What’s next for space debris found in North Carolina mountains

Jonathan McDowell, an astronomer and astrophysicist at the Harvard–Smithsonian Center for Astrophysics, was closely monitoring debris from the Dragon spacecraft around the time that the piece of carbon fiber was found on a mountain in Clyde, North Carolina.

CLYDE, N.C. – What was expected to be a normal day of mowing and maintenance of trails at a private mountain resort in rural North Carolina turned into anything but with the discovery of a piece of space debris.

The Glamping Collective is a company that owns and operates cabins and other living quarters on a private mountaintop about 20 minutes west of Asheville.

Groundskeepers were busy preparing the normally tranquil site for the Memorial Day weekend when they came across the foreign object.

"There’s an indentation visible where it hit, but there’s no crater, no damage to trees or anything like that. Most of the mountain is heavily wooded, but it landed in a non-wooded area. Honestly, we probably never would have found it if it had landed in the wooded areas," Matt Bare, founder and owner of The Glamping Collective, told FOX Weather.

The debris was unlike anything the crew had seen before, with unique bolts and the appearance of carbon fiber.


The groundskeepers put the object, estimated to measure about 4 feet wide and weigh 100 pounds, on a lawnmower before taking it to a secure facility on the mountain.

Bare said he reached out to aerospace experts to find out exactly where the debris came from, but he hadn’t heard back.

Through sleuths on social media, the collective and the public at large learned that where the debris was found was not that big of a surprise, as space experts such as Jonathan McDowell, an astronomer, and astrophysicist at the Harvard–Smithsonian Center for Astrophysics, were busy tracking the foreign object.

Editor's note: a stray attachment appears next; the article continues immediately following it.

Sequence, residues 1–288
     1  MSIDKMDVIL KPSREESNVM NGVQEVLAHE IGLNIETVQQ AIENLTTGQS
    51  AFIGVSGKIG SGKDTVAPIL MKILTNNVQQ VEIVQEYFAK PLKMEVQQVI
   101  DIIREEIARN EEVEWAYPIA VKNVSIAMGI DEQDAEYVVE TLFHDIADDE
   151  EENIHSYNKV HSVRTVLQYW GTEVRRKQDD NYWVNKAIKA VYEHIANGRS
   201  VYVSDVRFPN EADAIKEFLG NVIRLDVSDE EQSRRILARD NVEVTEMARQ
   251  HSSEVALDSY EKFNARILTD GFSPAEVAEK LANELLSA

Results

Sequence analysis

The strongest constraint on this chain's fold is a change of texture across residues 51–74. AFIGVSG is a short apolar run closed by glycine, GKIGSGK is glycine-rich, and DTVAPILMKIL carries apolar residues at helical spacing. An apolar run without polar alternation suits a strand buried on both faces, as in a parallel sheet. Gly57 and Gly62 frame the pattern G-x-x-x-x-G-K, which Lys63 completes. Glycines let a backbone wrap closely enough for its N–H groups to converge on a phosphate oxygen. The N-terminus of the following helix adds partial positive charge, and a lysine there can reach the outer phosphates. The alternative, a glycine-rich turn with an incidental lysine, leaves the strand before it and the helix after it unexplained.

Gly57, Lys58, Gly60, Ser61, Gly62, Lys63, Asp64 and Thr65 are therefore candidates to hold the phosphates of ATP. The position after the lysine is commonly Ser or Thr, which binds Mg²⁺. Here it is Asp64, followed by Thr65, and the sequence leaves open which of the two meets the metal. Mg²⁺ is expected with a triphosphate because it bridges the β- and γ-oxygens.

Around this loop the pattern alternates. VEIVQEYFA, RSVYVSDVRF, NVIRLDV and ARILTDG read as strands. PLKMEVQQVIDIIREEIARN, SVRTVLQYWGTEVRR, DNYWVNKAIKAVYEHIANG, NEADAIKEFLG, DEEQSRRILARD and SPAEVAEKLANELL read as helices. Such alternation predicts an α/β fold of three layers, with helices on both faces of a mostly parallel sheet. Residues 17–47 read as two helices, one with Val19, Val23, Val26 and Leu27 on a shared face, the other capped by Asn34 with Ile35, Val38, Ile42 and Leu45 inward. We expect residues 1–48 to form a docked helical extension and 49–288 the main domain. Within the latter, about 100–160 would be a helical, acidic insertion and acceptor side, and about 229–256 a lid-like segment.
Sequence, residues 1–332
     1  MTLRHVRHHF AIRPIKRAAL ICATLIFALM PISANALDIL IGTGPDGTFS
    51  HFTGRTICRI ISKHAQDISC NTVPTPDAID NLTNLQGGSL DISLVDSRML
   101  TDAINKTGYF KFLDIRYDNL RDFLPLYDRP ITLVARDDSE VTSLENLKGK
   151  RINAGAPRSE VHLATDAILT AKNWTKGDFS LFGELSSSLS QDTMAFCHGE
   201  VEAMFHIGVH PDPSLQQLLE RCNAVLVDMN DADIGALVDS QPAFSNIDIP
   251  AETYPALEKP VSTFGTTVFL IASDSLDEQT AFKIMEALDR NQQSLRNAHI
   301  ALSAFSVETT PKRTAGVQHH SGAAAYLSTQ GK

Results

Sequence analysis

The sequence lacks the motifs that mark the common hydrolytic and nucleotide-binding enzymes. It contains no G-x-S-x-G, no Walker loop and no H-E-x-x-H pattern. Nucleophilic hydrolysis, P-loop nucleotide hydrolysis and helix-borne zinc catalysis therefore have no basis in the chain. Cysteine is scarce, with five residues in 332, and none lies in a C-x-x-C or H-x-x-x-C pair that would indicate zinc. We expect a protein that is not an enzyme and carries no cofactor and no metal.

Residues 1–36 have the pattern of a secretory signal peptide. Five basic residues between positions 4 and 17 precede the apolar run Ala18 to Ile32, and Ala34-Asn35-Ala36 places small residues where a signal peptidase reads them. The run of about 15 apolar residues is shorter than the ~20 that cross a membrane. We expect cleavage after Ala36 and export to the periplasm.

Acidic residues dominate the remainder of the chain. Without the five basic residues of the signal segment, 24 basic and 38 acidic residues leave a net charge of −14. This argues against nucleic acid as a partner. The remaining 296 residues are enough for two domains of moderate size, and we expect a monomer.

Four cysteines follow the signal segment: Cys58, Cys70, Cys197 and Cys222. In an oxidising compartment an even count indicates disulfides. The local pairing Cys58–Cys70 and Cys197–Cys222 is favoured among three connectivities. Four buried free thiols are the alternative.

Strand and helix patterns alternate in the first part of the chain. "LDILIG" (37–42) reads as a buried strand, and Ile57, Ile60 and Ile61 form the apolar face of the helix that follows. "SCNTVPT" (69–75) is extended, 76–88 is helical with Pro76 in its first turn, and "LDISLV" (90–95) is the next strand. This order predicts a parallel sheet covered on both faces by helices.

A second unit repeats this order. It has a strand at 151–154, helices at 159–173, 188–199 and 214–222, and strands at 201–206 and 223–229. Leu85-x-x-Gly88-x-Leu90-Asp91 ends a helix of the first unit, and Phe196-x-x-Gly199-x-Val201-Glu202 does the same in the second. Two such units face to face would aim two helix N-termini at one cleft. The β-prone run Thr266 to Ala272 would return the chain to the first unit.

According to McDowell, the SpaceX Crew-7 mission to the International Space Station, which concluded about two months before, left the trunk in space to disintegrate in Earth’s atmosphere.

Most of the trunk from the Dragon spacecraft burned up, leaving only a small but mighty piece that survived reentry and reached the ground.

Encounters with debris from other space missions have recently occurred in Australia and Canada, but no injuries or damage have been reported.


FOX Weather reached out to both NASA and SpaceX about the latest discovery, but no one appears to be talking about this latest episode.

Bare says they will soon have their piece of space history in a protective covering for people to see.

Unfortunately, due to limited parking at the resort, which has overnight accommodations for only around 60 people, the collective plans to make the debris only viewable to guests.

"We are going to do it in a way that is safe for people to see it and be able to get close to it without having to worry about getting any residue or cuts from it," Bare stated.

The Glamping Collective is open year-round, but the owner says they are the busiest during the peak of fall foliage in October.